Don’t Touch Buckmoth Caterpillars

Buckmoth Caterpillar [Photo by Buzz Hoffmann]

Buckmoths (genus Hemileuca, several species) are found across southern Arizona, New Mexico, and Texas, and south through Sonora and Chihuahua, Mexico. Habitat varies from mesquite bosques to grasslands and plains, depending on the species. They feed on the leaves of palo verdes, mesquites, and other desert trees. The spines of the caterpillars can release a very painful toxin, so don’t touch them. See photos of the moth here.

The following material is from a publication of the Arizona-Sonora Desert Museum which was derived from: Tread Lightly: Venomous and Poisonous Animals of the Southwest, by Rich and Margie Wagner. Rio Nuevo Publishers, Tucson, AZ. 2005. Reprinted with permission of ASDM.

Physical Characteristics

A number of caterpillars have developed an effective form of chemical defense that utilizes “stinging spines” on their bodies to ward off would-be predators. The most common of these are the buckmoth caterpillars, of which about 23 species are found in the Southwest. The full-grown caterpillars are about 2 inches long (5 cm) and are covered from one end to the other with bristles or urticating spines. The colors are variable and depend on the species. The fast-flying adult moths have a wingspan of about 2-3 inches (5-7.5 cm), and vary in color from relatively nondescript tan and brown to brilliantly colored yellow and orange on black. They are primarily day-fliers, and they do not have stinging spines. (Urticating: cause a stinging pain or sensation)


Juno Buckmoth (Hemileuca juno) caterpillars feed on the leaves of common desert trees, often in groups. When molested, the caterpillar usually stops feeding and remains motionless, counting on camouflage and the urticating spines for protection. Caterpillars occasionally drop off branches and land on people, or are brushed against by riders on horseback, resulting in envenomation by the urticating spines. Other buckmoth caterpillars, like those of the range caterpillar moth (Hemileuca oliviae), feed on grasses, and envenomations can inadvertently occur when a person is walking through the grass.


The life cycle of moths is somewhat complex, and the particular details are species-specific. Flights generally occur from September through December. The mating of most Hemileuca moths, such as the Juno or mesquite buckmoth, begins shortly after sunset on fall evenings. Males use their well-developed antennae to track and follow the pheromone trail given off by female moths. After mating, the female deposits eggs on branches in host trees, with the eggs usually laid in circles around small branches. The eggs over-winter and hatch in April or May into small larvae, or caterpillars, that eat and grow for about a month, molting through five instars before they migrate to the ground and form a pupa, or cocoon, in leaf litter. After metamorphosis, most of the cocoons will hatch into adults (in the fall again), although some Hemileuca cocoons have been known to lie dormant for four years.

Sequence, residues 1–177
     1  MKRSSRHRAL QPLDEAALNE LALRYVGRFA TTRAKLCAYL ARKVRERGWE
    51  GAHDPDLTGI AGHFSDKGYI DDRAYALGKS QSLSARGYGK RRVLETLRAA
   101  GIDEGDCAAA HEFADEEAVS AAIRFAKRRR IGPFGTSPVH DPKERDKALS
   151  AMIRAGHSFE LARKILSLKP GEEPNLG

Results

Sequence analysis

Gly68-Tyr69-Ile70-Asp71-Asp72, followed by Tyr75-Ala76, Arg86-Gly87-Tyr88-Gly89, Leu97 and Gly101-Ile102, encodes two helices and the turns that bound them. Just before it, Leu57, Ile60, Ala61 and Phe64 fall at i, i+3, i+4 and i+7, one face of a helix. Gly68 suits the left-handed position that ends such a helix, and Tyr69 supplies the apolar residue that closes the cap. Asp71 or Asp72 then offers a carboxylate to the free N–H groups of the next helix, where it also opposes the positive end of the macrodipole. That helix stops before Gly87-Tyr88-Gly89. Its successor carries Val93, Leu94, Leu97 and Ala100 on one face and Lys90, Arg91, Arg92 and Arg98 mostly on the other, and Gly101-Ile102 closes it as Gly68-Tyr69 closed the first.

Effects of venom

The spines of stinging caterpillars contain toxins that are produced in gland cells. Caterpillars do not have a stinging apparatus per se, but rather depend on intentional or inadvertent contact of the spines with the skin of a victim. After the spines penetrate the skin, they break off, releasing toxins that cause mild to severe pain and other compounds that induce an inflammatory dermatitis called erucism. Because the protein components of the toxins are considered “foreign” to the body, an allergic reaction may also occur. While hospitalization is rarely required for stings on the skin, spines that enter the eyes may cause potentially serious complications.

First Aid and Medical Treatment

Anyone attempting to remove a stinging caterpillar should be careful not to incur additional stings on the hands or elsewhere, particularly as the caterpillar drops off. Wash the area immediately with soap and water. Spines that remain in the skin can often be removed with adhesive tape. Baking soda applied as a paste with water may help decrease the pain, as may ice applied to the injured area. Acetaminophen or ibuprofen may be taken for pain. Benadryl® may help treat localized allergic reactions. As always, victims with severe allergic reactions should seek immediate medical attention, as should anyone with persistent symptoms or signs of infection.

The moths, themselves, are harmless.

Buckmoth caterpillars are especially abundant in New Orleans and tend to fall out of oak trees onto unwary people. (See video about “the attack of the buckmoth caterpillars”) There are several other stinging caterpillars; see this from the Florida Poison Information Center.

See also:

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